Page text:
U.S. government shut down? Orbital mechanics don't care.
NASA's Juno spacecraft swings by Earth today in a maneuver designed to give it the necessary trajectory and velocity to reach Jupiter in 2016. Juno's closest approach will occur at 12:21 pm PDT / 3:21 pm EDT / 19:21 UTC today, passing a mere 347 miles (559 kilometers) from the Earth's surface. Make sure to wave (or even say "Hi" via Ham radio).
So will you be able to see it? The website HeavensAbove.com provides some information for you (see the image below) and more detailed ways to look. From the image below, you can see that it will pass very close to South Africa and Southwest Asia, but it won't be visible from the western hemisphere.
Juno's Earth Flyby Trajectory
Juno couldn't fly directly to Jupiter – current rockets aren't powerful enough – so it's using Earth for a gravity assist. Here's the full path Juno will take from launch to Jupiter Orbit Insertion:
Planetary Society CEO and noted Science Guy Bill Nye just filmed a video about today's flyby:
Other Ways to Follow the Close-Encounter
NASA's Eyes on the Solar System
You can also follow the close approach via simulation in NASA's very cool Eyes on the Solar System program, which is still up and running, despite the shutdown. They've created a special Juno module to help celebrate today's close-encounter. I'd recommend taking some time to explore the spacecraft in this program – you'll find some really interesting information about the exciting science that will happen at Jupiter.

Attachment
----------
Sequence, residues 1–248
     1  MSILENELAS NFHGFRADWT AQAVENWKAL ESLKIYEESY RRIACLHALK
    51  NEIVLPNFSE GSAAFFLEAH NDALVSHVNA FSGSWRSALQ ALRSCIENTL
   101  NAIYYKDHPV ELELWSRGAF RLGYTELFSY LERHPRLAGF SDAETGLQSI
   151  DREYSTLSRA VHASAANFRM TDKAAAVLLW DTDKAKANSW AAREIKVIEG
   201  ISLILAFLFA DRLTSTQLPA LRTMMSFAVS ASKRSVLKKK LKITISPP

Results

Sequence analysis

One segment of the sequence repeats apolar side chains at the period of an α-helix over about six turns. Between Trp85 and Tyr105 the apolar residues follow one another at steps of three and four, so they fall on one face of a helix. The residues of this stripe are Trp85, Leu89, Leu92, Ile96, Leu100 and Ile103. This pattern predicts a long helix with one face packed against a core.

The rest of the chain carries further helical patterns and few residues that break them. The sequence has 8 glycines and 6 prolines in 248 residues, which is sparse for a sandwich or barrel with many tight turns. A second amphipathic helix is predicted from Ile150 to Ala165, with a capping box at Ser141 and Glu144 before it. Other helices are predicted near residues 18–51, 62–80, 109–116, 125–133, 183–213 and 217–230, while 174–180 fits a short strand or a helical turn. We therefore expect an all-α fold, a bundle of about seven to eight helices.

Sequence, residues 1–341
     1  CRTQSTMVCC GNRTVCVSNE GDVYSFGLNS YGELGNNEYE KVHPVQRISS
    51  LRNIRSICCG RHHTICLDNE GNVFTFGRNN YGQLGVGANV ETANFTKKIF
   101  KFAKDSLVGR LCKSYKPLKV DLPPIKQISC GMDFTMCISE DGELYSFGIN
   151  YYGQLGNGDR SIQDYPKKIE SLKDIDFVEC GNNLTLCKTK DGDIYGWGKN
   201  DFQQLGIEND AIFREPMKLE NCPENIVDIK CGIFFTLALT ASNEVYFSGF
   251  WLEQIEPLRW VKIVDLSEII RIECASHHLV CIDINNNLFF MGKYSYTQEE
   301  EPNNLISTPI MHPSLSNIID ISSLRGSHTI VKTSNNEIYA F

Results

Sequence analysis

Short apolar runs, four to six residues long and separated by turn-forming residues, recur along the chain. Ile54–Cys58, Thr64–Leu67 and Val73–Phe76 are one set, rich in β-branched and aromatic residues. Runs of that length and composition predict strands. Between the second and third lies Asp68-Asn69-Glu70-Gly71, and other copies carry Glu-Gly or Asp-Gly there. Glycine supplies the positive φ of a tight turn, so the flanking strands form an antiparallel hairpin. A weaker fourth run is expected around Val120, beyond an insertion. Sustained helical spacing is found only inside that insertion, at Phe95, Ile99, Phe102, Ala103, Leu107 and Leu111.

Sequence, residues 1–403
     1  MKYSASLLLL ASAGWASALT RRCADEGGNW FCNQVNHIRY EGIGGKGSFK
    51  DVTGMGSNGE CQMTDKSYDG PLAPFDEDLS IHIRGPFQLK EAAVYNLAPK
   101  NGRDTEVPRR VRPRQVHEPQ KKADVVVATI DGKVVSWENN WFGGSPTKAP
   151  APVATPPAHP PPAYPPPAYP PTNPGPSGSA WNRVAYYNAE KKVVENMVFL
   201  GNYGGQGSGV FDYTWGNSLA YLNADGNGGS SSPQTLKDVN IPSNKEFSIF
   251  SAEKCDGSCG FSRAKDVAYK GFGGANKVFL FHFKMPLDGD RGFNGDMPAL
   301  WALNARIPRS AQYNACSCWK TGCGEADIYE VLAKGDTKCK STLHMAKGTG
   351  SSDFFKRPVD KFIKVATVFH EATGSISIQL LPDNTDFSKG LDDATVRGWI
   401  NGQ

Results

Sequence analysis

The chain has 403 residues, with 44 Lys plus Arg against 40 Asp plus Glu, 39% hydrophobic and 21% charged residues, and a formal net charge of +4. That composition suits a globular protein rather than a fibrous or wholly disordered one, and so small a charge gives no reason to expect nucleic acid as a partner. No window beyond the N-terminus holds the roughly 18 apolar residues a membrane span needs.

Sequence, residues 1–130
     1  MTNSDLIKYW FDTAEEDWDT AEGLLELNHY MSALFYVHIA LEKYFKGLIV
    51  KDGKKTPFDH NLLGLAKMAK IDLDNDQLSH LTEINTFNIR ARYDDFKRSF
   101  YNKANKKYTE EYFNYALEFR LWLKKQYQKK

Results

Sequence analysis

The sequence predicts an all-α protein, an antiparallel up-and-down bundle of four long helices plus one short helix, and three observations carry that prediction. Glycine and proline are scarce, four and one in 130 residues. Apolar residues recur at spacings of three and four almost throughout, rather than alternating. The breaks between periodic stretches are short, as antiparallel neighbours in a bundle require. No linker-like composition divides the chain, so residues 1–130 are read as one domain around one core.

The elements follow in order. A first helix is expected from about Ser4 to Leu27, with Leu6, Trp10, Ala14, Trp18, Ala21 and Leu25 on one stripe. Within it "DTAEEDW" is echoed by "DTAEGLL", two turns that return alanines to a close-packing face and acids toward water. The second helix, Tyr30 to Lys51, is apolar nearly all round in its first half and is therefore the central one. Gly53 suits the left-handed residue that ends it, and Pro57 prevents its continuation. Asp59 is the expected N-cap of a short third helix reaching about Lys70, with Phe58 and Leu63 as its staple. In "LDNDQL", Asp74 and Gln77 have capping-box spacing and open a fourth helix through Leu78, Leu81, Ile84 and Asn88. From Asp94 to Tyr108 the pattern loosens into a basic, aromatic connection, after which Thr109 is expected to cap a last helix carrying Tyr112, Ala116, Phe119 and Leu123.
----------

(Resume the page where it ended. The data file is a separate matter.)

Slooh Live Webcast
Thought it doesn't seem to cover the closest approach, there will be live-feed from a variety of telescopes trying to catch a glimpse of Juno as it barrels away from Earth.
Raw Images from the Spacecraft
The JunoCam imaging system will be taking pictures of the Earth and Moon today. Malin Space Science Systems is very awesomely posting raw images as they are available today, so look for those. Beware, though, because the camera is bolted on to the spacecraft and Juno is spin-stabilized, the camera uses a push-frame design to acquire strips of data as the spacecraft rotates. That means raw images will look a little weird, but luckily there is a fantastic space image processing community out there who has already published some pictures:
NASA / JPL / SwRI / MSSS / Adam Hurcewicz
The Moon as seen by Juno
Juno captured the images for this view of the Moon on October 9, 2013 at 11:07 UTC.
Don't forget, the closest approach is 12:21 pm PDT / 19:21 UTC. If nothing else, just pause for a minute and consider that this spacecraft, created and launched by humans two years ago, gets one more brief glimpse of home before pushing on towards Jupiter, never to return.